Most cancers are sporadic, meaning they are dependent on environmental factors such as diet or tobacco usage/exposure and not heredity—less than 5 percent of 1.5 million annual cancer cases (predominantly breast, ovarian, and colorectal cancers) are based on heredity.
However, family members can pass inherited cancer gene mutations from generation to generation. MedStar harbor Hospital provides genetic counseling or testing (a simple blood test to detect the gene) to patients who believe they may be affected by a hereditary factor.
This knowledge can provide patient options—including close monitoring or surgery to preemptively remove the areas where cancer may develop—and it may lead to prevention for future generations.
How do I learn about my inherited cancer risk and what can I do about it?
Our certified genetic counselor specializes in genetically inherited cancers. She will meet with you to assess your inherited cancer risk. During your initial two-hour assessment:
- A family medical history will be taken
- The role of inherited gene mutations will be explained
- The likelihood that cancer-causing genes may have been (or may be) inherited by members of your family will be estimated
- Your likelihood of developing cancer (at some time in your life) will be estimated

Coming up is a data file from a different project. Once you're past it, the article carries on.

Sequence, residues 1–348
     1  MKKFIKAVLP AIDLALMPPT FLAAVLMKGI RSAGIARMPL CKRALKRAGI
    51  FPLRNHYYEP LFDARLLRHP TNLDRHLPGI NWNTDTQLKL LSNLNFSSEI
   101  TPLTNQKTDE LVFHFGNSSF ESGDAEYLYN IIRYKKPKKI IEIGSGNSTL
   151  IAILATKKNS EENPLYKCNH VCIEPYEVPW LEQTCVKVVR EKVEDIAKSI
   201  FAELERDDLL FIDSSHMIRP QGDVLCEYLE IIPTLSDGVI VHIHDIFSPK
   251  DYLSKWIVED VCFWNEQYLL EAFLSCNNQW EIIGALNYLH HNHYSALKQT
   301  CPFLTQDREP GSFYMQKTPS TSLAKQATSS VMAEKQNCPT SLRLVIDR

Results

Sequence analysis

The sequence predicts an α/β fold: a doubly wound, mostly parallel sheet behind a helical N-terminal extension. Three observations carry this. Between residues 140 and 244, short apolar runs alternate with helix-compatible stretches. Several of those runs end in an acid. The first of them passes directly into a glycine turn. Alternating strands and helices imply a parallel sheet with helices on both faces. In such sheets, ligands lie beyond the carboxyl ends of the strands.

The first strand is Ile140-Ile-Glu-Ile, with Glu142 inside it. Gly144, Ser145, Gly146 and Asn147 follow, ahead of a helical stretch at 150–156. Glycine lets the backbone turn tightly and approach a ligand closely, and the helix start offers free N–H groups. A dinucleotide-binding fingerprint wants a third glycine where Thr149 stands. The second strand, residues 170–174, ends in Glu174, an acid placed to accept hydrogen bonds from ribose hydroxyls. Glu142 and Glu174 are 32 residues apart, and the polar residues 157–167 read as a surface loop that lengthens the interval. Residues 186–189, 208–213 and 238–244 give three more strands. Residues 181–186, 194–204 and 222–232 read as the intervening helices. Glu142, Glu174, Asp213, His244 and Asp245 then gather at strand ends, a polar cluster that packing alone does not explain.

- Ways to diagnose cancer at an early stage will be discussed
- Opportunities to lower your risk of cancer will be discussed
From that meeting, some patients may pursue further genetic counseling where psychological and financial concerns are explored before deciding whether or not to pursue genetic testing. The testing itself requires only that a small sample of blood be drawn and sent to a genetics laboratory for analysis.
If you are identified as high-risk, we recommend increased screenings and suggest you discuss other risk-reducing options with your physician.
Who should seek genetic counseling and possible testing?
Patients who have strong family histories of cancer, especially a diagnosis of cancer at an early age, or who are in treatment for breast or ovarian cancer - or who are breast or ovarian cancer survivors - should seriously consider genetic testing.
If you test positive for a cancer gene mutation, this information is of vital importance to all your blood relatives: sisters, brothers, nieces, nephews, cousins, children, grandchildren and other family members. Each family member has a 50:50 chance of having inherited the mutated gene.
Today, there is opportunity to practice good cancer prevention. Medical and surgical preventions are available as well as lifestyle changes and cancer screening. If your family members know that they are at increased risk of developing cancer, they can actually take action to protect themselves.
A personal choice
We recognize that genetic testing is a very personal choice. While the test itself usually involves no more than providing a blood sample, test results can be far-reaching. Our cancer risk assessment and counseling program is designed to answer your questions about:
- Risk assessment procedures
- DNA testing
- Benefits and limitations
- Psychological effect
- Family issues
- Insurance and privacy issues
- Employment issues
- Cancer education
- Cancer risk reduction
- Medical options
- Physician referrals